Necurs Fuels Massive Valentine's Day Spam Campaign
Just in time for Valentine’s Day, the Necurs botnet has mounted a massive spam campaign focused on dating lures.
The uptick started in mid-January 2018 and continues as time draws near for Valentine’s Day on February 14, according to IBM X-Force.
The campaign delivers short email blurbs from supposed Russian women living in the US. While typical spam email is notorious for bad spelling and grammar, these samples are rather well worded, IBM X-Force found. Many of the messages indicated that the recipient had a profile on Facebook or on Badoo, which is a Russian dating-focused social network. Badoo is the third-most popular dating app in Russia but is available internationally.
The Necurs botnet is notorious for its massive spam campaigns, believed to control more than 6 million zombie bots. This latest romance-themed effort has been responsible for more than 230 million spam messages in the last two weeks, with average volumes in excess of 30 million emails per day. The spammers are constantly shuffling the resources they leverage in campaigns, and the originating IPs logged in one campaign are not likely to be used in the next one to avoid blacklists and blocking.
Each spam email comes from a disposable email address carrying the alleged writer’s name; it then asks the recipient to contact the writer using another email address with another person’s name on it.
“Romance scams and spam featuring messages from supposed interested women is an old ploy. Such emails usually feature nothing more than some basic text and are not very likely to lure many people in,” X-Force researchers said. “However, when it comes to spam, mass volume makes for a numbers game, and fraudsters only need a small percentage of recipients to reply. Those behind this campaign will likely lure their victims to share revealing photos and extort them, ask for money to come visit, or end up infecting them with malware.”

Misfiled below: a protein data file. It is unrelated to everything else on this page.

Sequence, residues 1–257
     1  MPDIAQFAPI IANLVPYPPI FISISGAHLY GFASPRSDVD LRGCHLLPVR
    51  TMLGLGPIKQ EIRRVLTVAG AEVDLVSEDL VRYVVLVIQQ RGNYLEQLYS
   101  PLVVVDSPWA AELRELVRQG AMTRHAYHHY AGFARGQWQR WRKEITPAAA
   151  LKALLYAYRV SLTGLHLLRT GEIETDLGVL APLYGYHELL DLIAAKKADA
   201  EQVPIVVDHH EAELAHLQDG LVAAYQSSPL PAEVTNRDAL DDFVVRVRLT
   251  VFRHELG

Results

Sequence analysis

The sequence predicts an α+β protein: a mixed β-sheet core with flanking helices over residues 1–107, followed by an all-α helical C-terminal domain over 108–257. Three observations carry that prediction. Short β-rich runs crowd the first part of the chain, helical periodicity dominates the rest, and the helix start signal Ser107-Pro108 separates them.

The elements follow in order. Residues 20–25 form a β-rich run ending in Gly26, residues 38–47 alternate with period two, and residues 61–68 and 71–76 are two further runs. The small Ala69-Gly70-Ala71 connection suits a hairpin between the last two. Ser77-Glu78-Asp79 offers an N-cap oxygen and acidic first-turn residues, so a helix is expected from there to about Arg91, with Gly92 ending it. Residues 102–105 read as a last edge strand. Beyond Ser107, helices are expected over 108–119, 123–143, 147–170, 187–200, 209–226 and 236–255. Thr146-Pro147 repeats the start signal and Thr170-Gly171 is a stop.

Necurs is most known for its ties to malware gangs that spread banking Trojans, like Dridex and TrickBot, as well as ransomware, like Locky, Scarab and Jaff. But IBM X-Force said that its operators dabble in distributing spam for other fraud endeavors as well. In 2017 for instance, Necurs was sending mass amounts of “pump and dump” stock scams designed to make recipients believe a penny stock was about to rise in value. Once enough people buy the stock and it actually rises in value, the scammers sell off their shares, at which point they make a profit. The penny stock then drops back to its real market value, and those who bought it can easily be left with nothing but losses.
“Preying on seasonal trends is probably the top characteristic of email spam. The first quarter of the year typically plagues email recipients with tax season spam and romance scams that start arriving in January, leading up to Valentine’s Day,” researchers said, adding that users can protect themselves by remaining wary of unsolicited email.
Source: Information Security Magazine